September 8, 2007

Comments regarding "Age of Opportunity"

In another week or so, I am set to begin a 3-week block class entitled, "Philosophy of Youth Ministry." When I saw the books to be used, I was excited. The first was, "Age of Opportunity" by Tripp. I had heard of the book and I am pretty sure my church has used it in a parenting class. But I had never read it.

So, I am through the first chapter now. If the rest of the book builds on that, (and I suspect it will) it will be a great read.

Through other reads (Scripture and other books), as well as talks with pastors and youth workers, I have become increasingly aware that our confessional theology and our practical theology are incongruous when it comes to dealing with teens. In other words, what we would say we believe does not align with what we actually believe, which is revealed by what we practice.

Tripp says in his book (chapter 1, obviously) that most (probably 99.9%) parents see child-raising as a survival contest. Tripp consistently argues that the teen years are minimally an "Age of Opportunity." (hence the title) For anyone who ever reads this, filter the typical comments that you hear/have heard from parents into this analysis. Having analyzed them, would you say parents (or churches for that matter) see teenage years in 'opportunity mode' or 'survival mode'?

Back to my thesis of incongruous theologies, we preach (I hope at least...) a limitless Gospel. We would agree that the Gospel is the only way a person is changed, yet in our practice we show that we are really practical unbelievers, because we primarily concern ourselves with persuading our teens to adopt an external Gospel, where they are viewed as 'ok' because they can look, talk like, and act like 'Christian school kids.'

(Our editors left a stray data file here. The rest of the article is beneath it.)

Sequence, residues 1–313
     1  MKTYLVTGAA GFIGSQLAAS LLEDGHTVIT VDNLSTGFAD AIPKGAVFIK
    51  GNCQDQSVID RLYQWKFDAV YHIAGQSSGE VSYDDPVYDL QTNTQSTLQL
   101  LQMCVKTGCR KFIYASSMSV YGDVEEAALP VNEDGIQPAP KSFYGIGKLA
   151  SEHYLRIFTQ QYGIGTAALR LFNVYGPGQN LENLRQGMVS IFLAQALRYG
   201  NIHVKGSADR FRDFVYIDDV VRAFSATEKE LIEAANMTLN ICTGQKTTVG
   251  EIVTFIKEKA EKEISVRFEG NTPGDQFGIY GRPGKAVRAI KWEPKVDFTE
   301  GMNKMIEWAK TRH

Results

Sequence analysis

I love Tripp's focus on the Gospel in the opening chapter. On page 24, he states: "This time provided many opportunities for listening, love, encouragement, and the Gospel."

He discusses in some length the 'cultural cynicism' that Christian parents have adopted. (By the way, this is a quintessential example of what Paul means when he says in Romans 12:1-2 "Don't be conformed to the world, but (all of you) be transformed by the renenwing of your mind." To see the teen years as an 'aggrevation' or an 'incovenience' or even a 'survivial period' is to adopt the very attitude of people who hate the Gospel of Jesus Christ. We must REJECT this model.

As a sort of antidote to this worldly epidemic, Tripp states:
"If we are to be his instruments, we must deal with our own idolatry and bring a robust, Biblical faith to each rocky moment , a faith that believes that God rules over all things for our sake, that He is an ever-present help in trouble, that He is at work in every situation accomplishing His redemptive purpose, and that His Word is powerful, active, and effective." (Tripp 27)

We show what we believe when we wake up each morning. With every frustrating situation that presses us, we reveal whether we actually believe what we confess to believe. Instead of "surviving," we must be transformed by having our minds renewed by the Gospel.